John Roberts’ Scary Secret Powers
You don’t have to think Edward Snowden is a hero, to be horrified by the latest revelations about the secret workings of the court that approves the president’s many requests for surveillance. Or at least you shouldn’t have to think that.
But revelations by the New York Times and Wall Street Journal in the last few days about the sweeping yet secret workings of the FISA court, appointed solely by Supreme Court Chief Justice John Roberts, have gotten far less attention than Snowden’s original revelations – and far less than they deserve. The man who just presided over a genteel gutting of the Voting Rights Act, who is laying the groundwork for doing away with affirmative action and who may have led his liberal colleagues to dramatically curtail the power of Congress to compel state action with his Obamacare ruling, has huge sway over our national security machinery. He has appointed all the sitting judges, and 10 of 11 are Republicans, with no confirmation or even oversight by Congress. Both of Roberts’ roles are hugely influential, and disturbing.
Meet some of the FISA Judges
On Monday, Digby wrote about the anti-terror paranoia of the secret court’s former Chief Justice Royce Lamberth, who is retiring, as providing a window on the terror hysteria that allows such a fundamental civil liberties institution to be kept entirely secret. In a 2009 interview with the Washington Post, Lamberth broke down in tears as he described a secret briefing about a terrorist threat to Washington, D.C., that he received after 9/11. “My wife and friends live here,” he said. Digby noted that Lamberth’s wife and friends were far more likely to die in car or plane crashes than in terror attacks.
In 2000 the Chicago Tribune called him “Clinton’s judicial nemesis.” To kick off the Clinton years, Lamberth ruled that first lady Hillary Clinton’s healthcare reform task force broke the law by meeting in secret – which was then overturned by an appeals court. He fined health reform consultant Ira Magaziner almost $300,000 for not being sufficiently forthcoming about the makeup of the task force, which was also overturned on appeal. He gave Larry Klayman’s right-wing Judicial Watch his blessing to pursue specious lawsuits that let him depose Clinton administration figures from George Stephanopoulos to James Carville to fundraiser John Huang.
In 2000, he declared that Clinton had committed a crime by releasing private letters written by Kathleen Willey, who claimed he sexually harassed her – and an appeals court rebuked Lamberth. “It was inappropriate for the district court gratuitously to invoke sweeping pronouncements on alleged criminal activity that extended well beyond what was necessary to decide the matter at hand,” the court wrote.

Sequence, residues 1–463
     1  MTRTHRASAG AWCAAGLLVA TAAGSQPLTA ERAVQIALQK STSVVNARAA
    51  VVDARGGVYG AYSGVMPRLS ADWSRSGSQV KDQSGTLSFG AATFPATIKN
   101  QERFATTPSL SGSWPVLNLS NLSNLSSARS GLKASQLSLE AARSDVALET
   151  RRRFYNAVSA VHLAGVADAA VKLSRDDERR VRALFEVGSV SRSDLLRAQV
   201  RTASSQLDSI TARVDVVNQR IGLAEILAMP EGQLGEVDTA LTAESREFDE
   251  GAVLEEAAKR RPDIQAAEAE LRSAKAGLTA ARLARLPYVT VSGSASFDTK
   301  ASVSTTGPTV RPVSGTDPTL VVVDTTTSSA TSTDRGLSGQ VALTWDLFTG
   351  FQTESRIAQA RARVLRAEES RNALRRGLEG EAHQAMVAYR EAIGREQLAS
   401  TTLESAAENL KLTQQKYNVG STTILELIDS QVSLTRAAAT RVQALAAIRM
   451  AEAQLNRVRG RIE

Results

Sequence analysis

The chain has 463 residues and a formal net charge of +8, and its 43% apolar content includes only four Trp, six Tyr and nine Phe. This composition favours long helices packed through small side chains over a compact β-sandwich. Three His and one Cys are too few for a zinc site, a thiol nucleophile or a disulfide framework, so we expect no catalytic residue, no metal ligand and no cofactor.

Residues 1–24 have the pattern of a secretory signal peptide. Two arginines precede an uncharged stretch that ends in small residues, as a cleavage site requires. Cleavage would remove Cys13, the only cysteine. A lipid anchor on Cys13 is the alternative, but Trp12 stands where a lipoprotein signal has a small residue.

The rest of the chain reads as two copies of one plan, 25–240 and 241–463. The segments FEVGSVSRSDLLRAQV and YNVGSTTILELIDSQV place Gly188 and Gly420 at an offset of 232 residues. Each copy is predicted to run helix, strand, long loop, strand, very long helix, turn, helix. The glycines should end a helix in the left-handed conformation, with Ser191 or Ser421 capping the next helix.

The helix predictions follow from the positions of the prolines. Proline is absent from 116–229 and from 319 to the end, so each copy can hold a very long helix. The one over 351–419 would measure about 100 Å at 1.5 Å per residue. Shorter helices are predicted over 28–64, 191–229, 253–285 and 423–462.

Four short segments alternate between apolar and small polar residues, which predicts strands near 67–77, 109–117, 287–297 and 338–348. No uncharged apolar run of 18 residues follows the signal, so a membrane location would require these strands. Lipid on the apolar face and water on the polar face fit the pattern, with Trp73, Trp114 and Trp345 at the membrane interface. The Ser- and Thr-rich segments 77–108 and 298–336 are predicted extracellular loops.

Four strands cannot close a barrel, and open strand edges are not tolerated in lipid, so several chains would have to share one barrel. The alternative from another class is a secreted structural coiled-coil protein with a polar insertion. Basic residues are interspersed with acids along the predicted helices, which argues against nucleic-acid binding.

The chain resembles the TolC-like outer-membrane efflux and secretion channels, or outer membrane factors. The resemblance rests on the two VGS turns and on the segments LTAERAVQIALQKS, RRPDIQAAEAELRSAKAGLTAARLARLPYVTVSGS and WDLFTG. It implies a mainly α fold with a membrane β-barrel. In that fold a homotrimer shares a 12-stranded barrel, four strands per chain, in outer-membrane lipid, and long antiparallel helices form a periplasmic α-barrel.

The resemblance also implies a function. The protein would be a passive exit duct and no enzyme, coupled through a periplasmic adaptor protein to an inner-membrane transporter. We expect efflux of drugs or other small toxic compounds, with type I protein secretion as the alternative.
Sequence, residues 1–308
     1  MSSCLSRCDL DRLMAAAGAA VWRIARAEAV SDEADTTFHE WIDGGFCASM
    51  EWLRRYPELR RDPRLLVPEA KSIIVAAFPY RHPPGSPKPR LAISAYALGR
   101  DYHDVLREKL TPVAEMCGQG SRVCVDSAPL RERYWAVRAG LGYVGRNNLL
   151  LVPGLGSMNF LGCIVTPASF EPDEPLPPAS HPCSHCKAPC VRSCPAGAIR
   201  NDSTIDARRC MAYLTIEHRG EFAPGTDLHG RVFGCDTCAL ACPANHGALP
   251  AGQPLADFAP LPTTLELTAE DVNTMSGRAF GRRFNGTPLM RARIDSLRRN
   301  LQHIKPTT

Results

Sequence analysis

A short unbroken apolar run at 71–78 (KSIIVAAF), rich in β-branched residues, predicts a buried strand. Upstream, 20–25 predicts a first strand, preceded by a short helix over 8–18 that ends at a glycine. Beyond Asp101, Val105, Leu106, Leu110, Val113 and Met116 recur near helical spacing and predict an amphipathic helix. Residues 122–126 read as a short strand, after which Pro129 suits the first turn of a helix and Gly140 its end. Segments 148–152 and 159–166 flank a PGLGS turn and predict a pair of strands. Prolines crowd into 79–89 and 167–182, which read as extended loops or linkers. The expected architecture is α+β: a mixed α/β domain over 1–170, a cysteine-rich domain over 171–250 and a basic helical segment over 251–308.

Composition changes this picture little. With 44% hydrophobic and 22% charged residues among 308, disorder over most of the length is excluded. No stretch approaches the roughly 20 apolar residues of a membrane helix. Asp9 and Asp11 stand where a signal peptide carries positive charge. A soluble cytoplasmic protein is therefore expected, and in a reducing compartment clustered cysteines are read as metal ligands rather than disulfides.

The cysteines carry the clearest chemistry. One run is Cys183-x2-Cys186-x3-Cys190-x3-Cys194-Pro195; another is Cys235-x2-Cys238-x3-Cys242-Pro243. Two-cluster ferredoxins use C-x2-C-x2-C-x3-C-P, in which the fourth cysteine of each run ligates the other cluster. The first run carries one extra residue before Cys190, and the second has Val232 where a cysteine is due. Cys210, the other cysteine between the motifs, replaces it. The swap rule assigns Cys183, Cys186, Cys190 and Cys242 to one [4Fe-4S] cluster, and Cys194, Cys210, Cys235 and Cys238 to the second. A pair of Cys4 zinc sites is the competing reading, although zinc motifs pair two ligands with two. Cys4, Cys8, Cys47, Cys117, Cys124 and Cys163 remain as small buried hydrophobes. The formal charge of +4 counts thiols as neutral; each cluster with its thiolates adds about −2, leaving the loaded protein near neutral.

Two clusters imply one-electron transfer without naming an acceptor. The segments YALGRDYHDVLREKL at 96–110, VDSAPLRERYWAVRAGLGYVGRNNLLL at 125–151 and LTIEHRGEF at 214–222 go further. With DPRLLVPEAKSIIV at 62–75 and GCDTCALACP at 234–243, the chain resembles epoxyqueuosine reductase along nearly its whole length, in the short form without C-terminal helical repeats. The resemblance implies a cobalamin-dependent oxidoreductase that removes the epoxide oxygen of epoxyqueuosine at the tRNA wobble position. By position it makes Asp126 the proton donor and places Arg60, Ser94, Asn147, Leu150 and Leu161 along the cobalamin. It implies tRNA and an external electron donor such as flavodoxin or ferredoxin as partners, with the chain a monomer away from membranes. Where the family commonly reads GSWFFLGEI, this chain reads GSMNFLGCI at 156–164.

Lamberth also ruled that Obama’s funding for embryonic stem cell research was illegal, which was also overturned. But when it comes to surveillance, he’s been on Obama’s side: Lamberth overturned two other FISA court judges and approved Attorney General Eric Holder’s request to obtain the personal and professional email of Fox News’ James Rosen in connection with a State Department leaks scandal in 2010.
Lamberth isn’t the only Republican-appointed FISA judge who’s shown a propensity to thwart Democrats in non-FISA work. Florida’s Roger Vinson struck down the Obama administration’s healthcare law in 2011 (the Roberts court overruled him). Vinson signed the fateful Verizon order. John Bates of Washington, D.C., was a Whitewater prosecutor. Arkansas Judge Susan Webber Wright held Clinton in contempt of court for lying under oath about his relationship with Monica Lewinsky
In all the recent controversy over the FISA court, Lamberth says only one thing bothers him: the intelligence community and Congress aren’t standing up for the court.
In the filing, embedded below, the Obama Administration Justice Department quotes with approval the Foreign Intelligence Surveillance Court’s own view of its power, expressed in 2007, that “[t]he FISC is a unique court … [o]ther courts operate primarily in public, with secrecy the exception; the FISC operates primarily in secret, with public access the exception.”
The filing, which comes in response to a June lawsuit from the ACLU, coincides with a critical profile by the New York Times that claims the FISA court has “become almost a parallel Supreme Court” with its own “secret body of law” that bolsters the powers of the NSA.